Ok that is good for a test, but do not run the machine like that for long! What you did proves there is a wire break to the ignition. The break is in the red/black wire from the fuse block to the ignition. You need to take the harness apart and inspect it closely. Pay attention to where the harness crosses over the frame areas which are common areas for wires to rub through and break. Once done, and the harness is taped up good, use some spiral wrap to add a layer of protection. These pictures is a 2010 366 which suddenly popped ignition fuses. I found a bare wire leading down to the 4WD actuator. While the plastics were off, I inspected the rest of the harness and found this area was starting to rub, but not yet causing a problem so I wrapped it to prevent any issues.
  15. mikeexplorer

    ATV Connector Trail Study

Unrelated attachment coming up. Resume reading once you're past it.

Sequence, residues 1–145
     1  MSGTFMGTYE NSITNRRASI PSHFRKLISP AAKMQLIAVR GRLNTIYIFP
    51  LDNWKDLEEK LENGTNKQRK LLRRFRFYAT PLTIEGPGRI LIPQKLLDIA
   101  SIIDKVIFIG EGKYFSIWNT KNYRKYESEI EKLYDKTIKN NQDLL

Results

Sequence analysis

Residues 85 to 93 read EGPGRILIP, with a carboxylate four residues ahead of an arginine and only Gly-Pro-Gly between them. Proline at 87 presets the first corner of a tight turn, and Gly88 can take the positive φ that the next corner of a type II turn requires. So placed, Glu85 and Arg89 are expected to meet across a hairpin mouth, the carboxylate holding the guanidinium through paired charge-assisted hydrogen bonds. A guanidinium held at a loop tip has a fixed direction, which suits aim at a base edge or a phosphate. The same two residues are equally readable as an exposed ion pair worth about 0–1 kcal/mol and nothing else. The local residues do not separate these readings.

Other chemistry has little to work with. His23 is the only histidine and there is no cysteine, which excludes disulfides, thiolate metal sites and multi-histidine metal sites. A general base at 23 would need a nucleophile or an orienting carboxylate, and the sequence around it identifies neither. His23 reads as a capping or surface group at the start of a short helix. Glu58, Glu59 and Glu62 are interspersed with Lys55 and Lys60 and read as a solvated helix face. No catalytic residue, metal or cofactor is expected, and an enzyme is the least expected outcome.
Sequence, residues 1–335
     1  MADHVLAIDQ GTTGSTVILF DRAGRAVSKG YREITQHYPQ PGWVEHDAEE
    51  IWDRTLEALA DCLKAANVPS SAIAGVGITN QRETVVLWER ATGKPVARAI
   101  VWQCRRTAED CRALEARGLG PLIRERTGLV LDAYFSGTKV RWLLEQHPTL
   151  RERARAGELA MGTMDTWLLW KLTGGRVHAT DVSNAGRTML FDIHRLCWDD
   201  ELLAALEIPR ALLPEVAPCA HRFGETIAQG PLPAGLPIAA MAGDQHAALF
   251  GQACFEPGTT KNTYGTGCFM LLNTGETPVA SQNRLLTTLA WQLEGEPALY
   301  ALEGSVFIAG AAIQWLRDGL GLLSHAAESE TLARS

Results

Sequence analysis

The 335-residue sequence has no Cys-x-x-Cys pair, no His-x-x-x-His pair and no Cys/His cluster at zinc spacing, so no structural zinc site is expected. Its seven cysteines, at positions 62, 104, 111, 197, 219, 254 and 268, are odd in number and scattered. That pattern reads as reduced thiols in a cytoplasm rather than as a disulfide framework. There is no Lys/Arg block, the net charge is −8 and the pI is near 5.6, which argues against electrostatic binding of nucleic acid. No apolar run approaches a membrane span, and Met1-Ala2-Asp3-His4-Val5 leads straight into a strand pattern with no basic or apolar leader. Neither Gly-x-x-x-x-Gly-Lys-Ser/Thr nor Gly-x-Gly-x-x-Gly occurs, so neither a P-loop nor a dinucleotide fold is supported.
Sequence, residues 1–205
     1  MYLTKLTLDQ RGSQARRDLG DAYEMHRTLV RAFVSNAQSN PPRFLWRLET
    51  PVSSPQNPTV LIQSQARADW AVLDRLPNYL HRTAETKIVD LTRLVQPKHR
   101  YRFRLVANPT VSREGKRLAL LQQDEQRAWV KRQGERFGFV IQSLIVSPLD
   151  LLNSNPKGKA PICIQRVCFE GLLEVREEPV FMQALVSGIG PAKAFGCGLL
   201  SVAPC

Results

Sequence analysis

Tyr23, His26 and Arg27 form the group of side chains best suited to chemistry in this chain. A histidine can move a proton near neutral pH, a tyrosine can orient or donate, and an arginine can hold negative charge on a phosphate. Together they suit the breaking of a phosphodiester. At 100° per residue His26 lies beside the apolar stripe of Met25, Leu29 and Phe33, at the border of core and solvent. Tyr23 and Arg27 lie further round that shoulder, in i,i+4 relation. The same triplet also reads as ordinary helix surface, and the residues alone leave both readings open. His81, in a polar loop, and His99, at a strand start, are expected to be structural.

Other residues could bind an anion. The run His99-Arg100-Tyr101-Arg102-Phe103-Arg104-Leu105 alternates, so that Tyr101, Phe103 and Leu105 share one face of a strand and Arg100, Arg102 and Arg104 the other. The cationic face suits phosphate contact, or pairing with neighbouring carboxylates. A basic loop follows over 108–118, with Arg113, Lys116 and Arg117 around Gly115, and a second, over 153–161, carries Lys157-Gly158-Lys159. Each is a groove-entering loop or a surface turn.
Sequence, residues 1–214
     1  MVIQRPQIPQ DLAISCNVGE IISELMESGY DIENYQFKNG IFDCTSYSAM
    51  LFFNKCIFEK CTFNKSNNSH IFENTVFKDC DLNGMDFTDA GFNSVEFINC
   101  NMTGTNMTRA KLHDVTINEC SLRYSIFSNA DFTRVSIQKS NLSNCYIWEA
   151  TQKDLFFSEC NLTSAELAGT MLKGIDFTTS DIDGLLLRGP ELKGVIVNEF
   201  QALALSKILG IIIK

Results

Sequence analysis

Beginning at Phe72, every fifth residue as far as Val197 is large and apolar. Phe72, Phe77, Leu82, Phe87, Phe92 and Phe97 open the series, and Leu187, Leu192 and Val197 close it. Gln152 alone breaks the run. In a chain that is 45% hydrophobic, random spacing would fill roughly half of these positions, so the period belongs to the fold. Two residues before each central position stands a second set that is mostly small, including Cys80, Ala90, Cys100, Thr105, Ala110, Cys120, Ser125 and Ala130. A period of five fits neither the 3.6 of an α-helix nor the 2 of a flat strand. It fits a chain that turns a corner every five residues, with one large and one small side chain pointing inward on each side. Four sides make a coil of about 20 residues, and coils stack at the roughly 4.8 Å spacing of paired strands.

(From the Express in Lock Haven, this is HUGE news!!) ATV trails to be connected by 2020 Local news Jun 30, 2018 SARAH PAEZ [email protected] New bill could increase tourism in the county LOCK HAVEN — Due to a hard-fought change in the state’s fiscal code, Clinton County will finally have an all-terrain vehicle trail connecting the Whiskey Springs Trail to Bloody Skillet by 2020. State Rep. Mike Hanna (D-Lock Haven) had a hand in pushing the legislation through, said county Commissioner Jeff Snyder, who has been supportive of ATV tourism in the region. Hanna said the project had been in the works since the era of former Pennsylvania Gov. Ed Rendell, who ended his term in 2011. “We just decided it was time to get this,” he said. The bill, an amendment to the fiscal code, says that appropriations for the state Department of Conservation and Natural Resources (DCNR) must include the agency’s collaboration with PennDOT to “develop, open and maintain an ATV trail connecting the Whiskey Springs ATV Trail to the Bloody Skillet ATV Trail by utilizing existing state roads and state forest roads by April 1, 2020.” The amendment also provides for DCNR and PennDOT to “implement the full Northcentral Pennsylvania ATV Initiative” which would create a network of ATV trails from Clinton County to the New York State border by April 1, 2024. This network would link the Haneyville, Bloody Skillet, Snowshoe Rail Trail, Denton Hills and Whiskey Springs trails. Central Mountains ATV Association President Henry Sorgen IV said his organization has been working on the initiative for the last four years, trying to connect all the ATV trails in northcentral Pennsylvania up to the New York State border. The organization has 1,300 members. Sorgen said Hanna and State Sen. Joseph Scarnati (R-Brockway) were instrumental in making the necessary changes to the fiscal code. But, he said, it wouldn’t have been possible without support from township and borough councils, county government, regular citizens and CMATVA. “It’s always been a team initiative,” he said. CMATVA gave a presentation to the governor’s staff several months ago, which “started that ball rolling,” said Sorgen. “It’s all about tourism…that’s gonna be huge.” PennDOT has a policy that ATV riders cannot use state roads. But state law says the district manager can authorize ATV usage on state roads. So, Sorgen said, the fiscal code amendment is a way to remedy that contradiction. Hanna said the project will rely very little on state roads to connect the trails. DCNR is conducting a study through Larson Design Group to determine the best way to connect the trails without using state roads. One place ATV riders will have to use a state road is the South Renovo Bridge, Hanna said. Hanna was clear that the development of these trails will have no cost to taxpayers. “As far as trail development goes,” he said, it will all be funded by ATV registration fees. Right now, there are around $180,000 in that fund, said Sorgen. “There’s no doubt about it, motorized recreation has a tremendous economic impact,” said Hanna. “The number of trucks, trailers and ATVs (on those trails on a holiday weekend) is phenomenal.” Sorgen said CMATVA wants to make northcentral Pennsylvania’s trail network “the Hatfield McCoy of Pennsylvania.” ATV tourism is a $1 billion industry in West Virginia, and Hatfield McCoy is one of the state’s most popular trails. Sorgen said he is sure ATV tourism will be a boon to local residents in Clinton, Center, Potter, Elk and Cameron counties. In Germania, which is near the Denton Hills ATV Trail, he said, there is a small general store with one gas pump that used to make $1,000 a month in gas sales. After ATV travel was legalized there, the store’s monthly sales skyrocketed to 10 times that. “That’s the potential,” he said. “What’s (ATV tourism) gonna do for little Renovo? It’s gonna boom.” And, according to a study on ATV recreation in Clinton County done in 2015, the average rider spends approximately $1,400 in the county annually. Those surveyed said they would visit about five more times a year (about 12 times total) if connector trails were built between the existing trail systems and the surrounding communities. The study said increased visits would more than double the annual spending per rider. Right now, Sorgen said, there are 1,800 miles of riding trail, and 49 percent of that is open to ATVs, whether that be on roads operated by DCNR, private property owners or township councils. But that is set to change soon, with the new state fiscal code amendment. Sorgen estimated the new law will add 200 miles of viable trail. And, he said, the existing CMATVA map will change once they submit the new map to PennDOT. Hanna said for people who have concerns about motorized recreation, the Larson Group study is taking environmental impact into consideration. “It’s not just “slap a trail on,“” said Hanna. And Sorgen said he fully supports finding an environmentally friendly way to implement ATV trails that would connect the existing ones. He lamented that while “98 percent of us want to follow the rules,” 2 percent of ATV riders don’t respect the land and want to offroad where it’s not allowed. “We don’t want to be in wetlands,” he said. “We don’t want to be in natural areas where we don’t belong.”